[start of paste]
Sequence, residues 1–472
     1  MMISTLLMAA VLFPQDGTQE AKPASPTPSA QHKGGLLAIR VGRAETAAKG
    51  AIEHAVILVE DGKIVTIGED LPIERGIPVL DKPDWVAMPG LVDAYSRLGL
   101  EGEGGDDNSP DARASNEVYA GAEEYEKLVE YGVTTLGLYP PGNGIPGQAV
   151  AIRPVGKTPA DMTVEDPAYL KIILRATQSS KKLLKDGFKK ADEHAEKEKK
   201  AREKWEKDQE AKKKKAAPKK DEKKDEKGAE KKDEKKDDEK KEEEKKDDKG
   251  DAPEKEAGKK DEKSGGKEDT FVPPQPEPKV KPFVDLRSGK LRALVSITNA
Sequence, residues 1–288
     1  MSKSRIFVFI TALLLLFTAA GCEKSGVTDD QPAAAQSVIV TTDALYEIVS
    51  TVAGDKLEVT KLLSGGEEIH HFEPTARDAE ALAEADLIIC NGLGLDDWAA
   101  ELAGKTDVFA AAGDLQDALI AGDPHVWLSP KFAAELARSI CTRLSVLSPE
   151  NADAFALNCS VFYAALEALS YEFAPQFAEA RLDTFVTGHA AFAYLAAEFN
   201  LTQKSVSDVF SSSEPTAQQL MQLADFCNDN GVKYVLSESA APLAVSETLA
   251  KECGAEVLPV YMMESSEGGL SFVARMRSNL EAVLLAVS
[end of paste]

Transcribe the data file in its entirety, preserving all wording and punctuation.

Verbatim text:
Sequence, residues 1–472
     1  MMISTLLMAA VLFPQDGTQE AKPASPTPSA QHKGGLLAIR VGRAETAAKG
    51  AIEHAVILVE DGKIVTIGED LPIERGIPVL DKPDWVAMPG LVDAYSRLGL
   101  EGEGGDDNSP DARASNEVYA GAEEYEKLVE YGVTTLGLYP PGNGIPGQAV
   151  AIRPVGKTPA DMTVEDPAYL KIILRATQSS KKLLKDGFKK ADEHAEKEKK
   201  AREKWEKDQE AKKKKAAPKK DEKKDEKGAE KKDEKKDDEK KEEEKKDDKG
   251  DAPEKEAGKK DEKSGGKEDT FVPPQPEPKV KPFVDLRSGK LRALVSITNA
Sequence, residues 1–288
     1  MSKSRIFVFI TALLLLFTAA GCEKSGVTDD QPAAAQSVIV TTDALYEIVS
    51  TVAGDKLEVT KLLSGGEEIH HFEPTARDAE ALAEADLIIC NGLGLDDWAA
   101  ELAGKTDVFA AAGDLQDALI AGDPHVWLSP KFAAELARSI CTRLSVLSPE
   151  NADAFALNCS VFYAALEALS YEFAPQFAEA RLDTFVTGHA AFAYLAAEFN
   201  LTQKSVSDVF SSSEPTAQQL MQLADFCNDN GVKYVLSESA APLAVSETLA
   251  KECGAEVLPV YMMESSEGGL SFVARMRSNL EAVLLAVS